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I live in Brooklyn, NY and I love it here.  I came here for my career in 2009 and haven't once looked back. 

Friday, February 10, 2012

Disaster not averted...

I never like to relate a story until the dust has completley settled and this one is no different.  I was going to write a blog titled "god bless the sound check" the other night before this concert had actually happened but that would have been jumping the gun.  Even though I had a chance to sound check the night before the concert, all did not go to plan.  I hesitate to say it was a total disaster for me but it certainly didn't go very well.  Even despite said sound check.  

The night begins with me running late.  I was set to make it still before the concert started but Tania was also running late because of Murphy's law, so I waited at 125th and Lenox at the Starbucks so she wouldn't have to walk over to the theater from the subway by herself.  More and more worried as the clock got closer to 8pm, my anxiety was relieved slightly when I saw the sound guy, himself, whom I had met the night before, walking past me out of the subway.  When we finally arrived they were still sound checking the house band so I felt I had time still to get set up.  I had to chase the sound guy down a few times to make sure I had everything I needed.  At 8pm, I was still missing two 1/4" to XLR adapters to connect my audio interface to the snake and I didn't have a power source for my keyboard controller and laptop.  Assure I would have them, I sat down in the audience once my equipment was set up behind the piano.

When we got up on stage after the first number, Tania introduced us while I scrambled to get things plugged in but somehow it didn't occur to me to check and make sure that my audio interface had been plugged into the snake.  It hadn't.  Now, you don't have to be technically inclined to realize what this would mean.  Something not plugged in = no sound going through, ergo, I'm up on stage twiddling knobs to no avail.  Of course I noticed this not being unplugged thing in the middle of the song so I ducked down and plugged myself in but still no audio was coming out.  However, being under pressure since I was on stage and currently performing a piece, I panicked a little and when one is panicked, calm troubleshooting becomes much harder.  I tried to signal the sound guy and let him know what the problem was but ultimately ended up signaling to Tania to end the piece early.  I grabbed the wireless mic and explained that there were technical difficulties and we wouldn't be hearing the electronics and then announced the next piece by Alberto Ginastera.  I sat off stage for a bit until she was finished and then just began taking my equipment down with a mind to storm out of there as soon as I was done.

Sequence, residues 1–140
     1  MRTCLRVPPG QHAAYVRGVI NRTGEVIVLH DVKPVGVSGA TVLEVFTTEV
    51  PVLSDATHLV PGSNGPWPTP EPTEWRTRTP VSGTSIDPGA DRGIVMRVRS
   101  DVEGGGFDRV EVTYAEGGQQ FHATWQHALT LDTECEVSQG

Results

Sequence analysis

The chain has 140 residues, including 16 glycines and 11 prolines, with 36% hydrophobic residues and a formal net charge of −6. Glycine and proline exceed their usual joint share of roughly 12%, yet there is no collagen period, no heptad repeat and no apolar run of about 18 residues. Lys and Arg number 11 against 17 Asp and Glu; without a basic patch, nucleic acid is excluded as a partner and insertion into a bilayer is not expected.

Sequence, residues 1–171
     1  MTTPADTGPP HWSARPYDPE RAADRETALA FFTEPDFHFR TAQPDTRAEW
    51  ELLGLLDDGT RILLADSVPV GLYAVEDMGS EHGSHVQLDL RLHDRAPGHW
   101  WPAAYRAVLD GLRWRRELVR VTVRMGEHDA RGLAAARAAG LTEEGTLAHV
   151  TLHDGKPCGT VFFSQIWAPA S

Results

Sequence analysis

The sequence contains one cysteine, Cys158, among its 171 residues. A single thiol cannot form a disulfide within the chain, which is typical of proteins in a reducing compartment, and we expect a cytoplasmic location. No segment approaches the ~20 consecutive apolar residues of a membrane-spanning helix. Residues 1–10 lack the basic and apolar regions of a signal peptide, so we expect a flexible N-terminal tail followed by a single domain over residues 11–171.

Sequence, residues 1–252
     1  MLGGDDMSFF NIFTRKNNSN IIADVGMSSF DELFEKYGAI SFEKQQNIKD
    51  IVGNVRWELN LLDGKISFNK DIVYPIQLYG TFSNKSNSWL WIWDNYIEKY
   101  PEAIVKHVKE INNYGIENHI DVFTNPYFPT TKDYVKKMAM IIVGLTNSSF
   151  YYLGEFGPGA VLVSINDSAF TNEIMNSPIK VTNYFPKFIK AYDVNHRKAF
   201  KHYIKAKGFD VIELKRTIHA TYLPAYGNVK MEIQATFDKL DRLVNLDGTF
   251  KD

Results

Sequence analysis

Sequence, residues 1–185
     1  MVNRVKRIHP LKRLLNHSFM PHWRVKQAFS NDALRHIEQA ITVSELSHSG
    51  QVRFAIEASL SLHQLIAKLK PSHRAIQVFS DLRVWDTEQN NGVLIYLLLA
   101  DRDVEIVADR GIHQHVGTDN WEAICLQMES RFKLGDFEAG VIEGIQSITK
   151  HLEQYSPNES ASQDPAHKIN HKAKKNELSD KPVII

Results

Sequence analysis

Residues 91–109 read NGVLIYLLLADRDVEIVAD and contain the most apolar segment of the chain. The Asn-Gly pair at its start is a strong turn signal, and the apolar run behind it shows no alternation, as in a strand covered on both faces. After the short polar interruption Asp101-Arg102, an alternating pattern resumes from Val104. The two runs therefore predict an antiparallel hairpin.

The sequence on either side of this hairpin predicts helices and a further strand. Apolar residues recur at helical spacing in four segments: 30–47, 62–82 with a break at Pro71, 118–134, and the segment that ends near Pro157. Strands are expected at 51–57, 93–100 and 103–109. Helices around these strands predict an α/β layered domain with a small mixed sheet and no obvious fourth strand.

Luckily I calmed down and Tania talked to me after her set and after I was done collecting my gear.  You can't start throwing blame around and getting angry in a situation like that.  There was a lot of stuff stacked against us and with that amount of technical equipment and that amount of performers with such a diverse array of technical needs and one guy to juggle it all, who walked in only slightly less on time than Tania and I did, you're bound to have something go wrong.  At any rate, by the end of the concert I started to see it all in a different light.  They still heard an excerpt of my piece (even if I was standing on stage looking dumb and flailing my arms around trying to signal the audio guy during most of the piece), and I got to meet a bunch of great musicians and network with them.  Plus, the ones who were around at the sound check and got to hear the sounds I'd be making seemed genuinely interested in hearing what it the whole piece actually sounded like so I directed them to this.  I mean, it's gotta be one hell of a teaser getting something so elaborate as that set up and not being able to perform it at all.

I did sit through the rest of the performances and they were all pretty amazing. The guys before us were called "The Mighty Third Rail," and consisted of a vocalist with a loop pedal, a violinist and an upright bass.  Their music was pretty slick and catchy.  The vocalist beat boxed, looped and rapped, had some great lyrics and the string players were both really awesome.  They were my favorite.

The rest of the acts were RnB type stuff, all fantastic vocalists and the house band never missed a beat.  There was a ridiculously tight drummer, a bassist, percussionist, pianist, occasional back up singers.  I'm glad I stuck around.  This Fertile Ground concert is something that happens every 2nd Thursday of the month and we've been invited back.  So who knows, maybe this time I'll bring my own cables so I won't need adapters.

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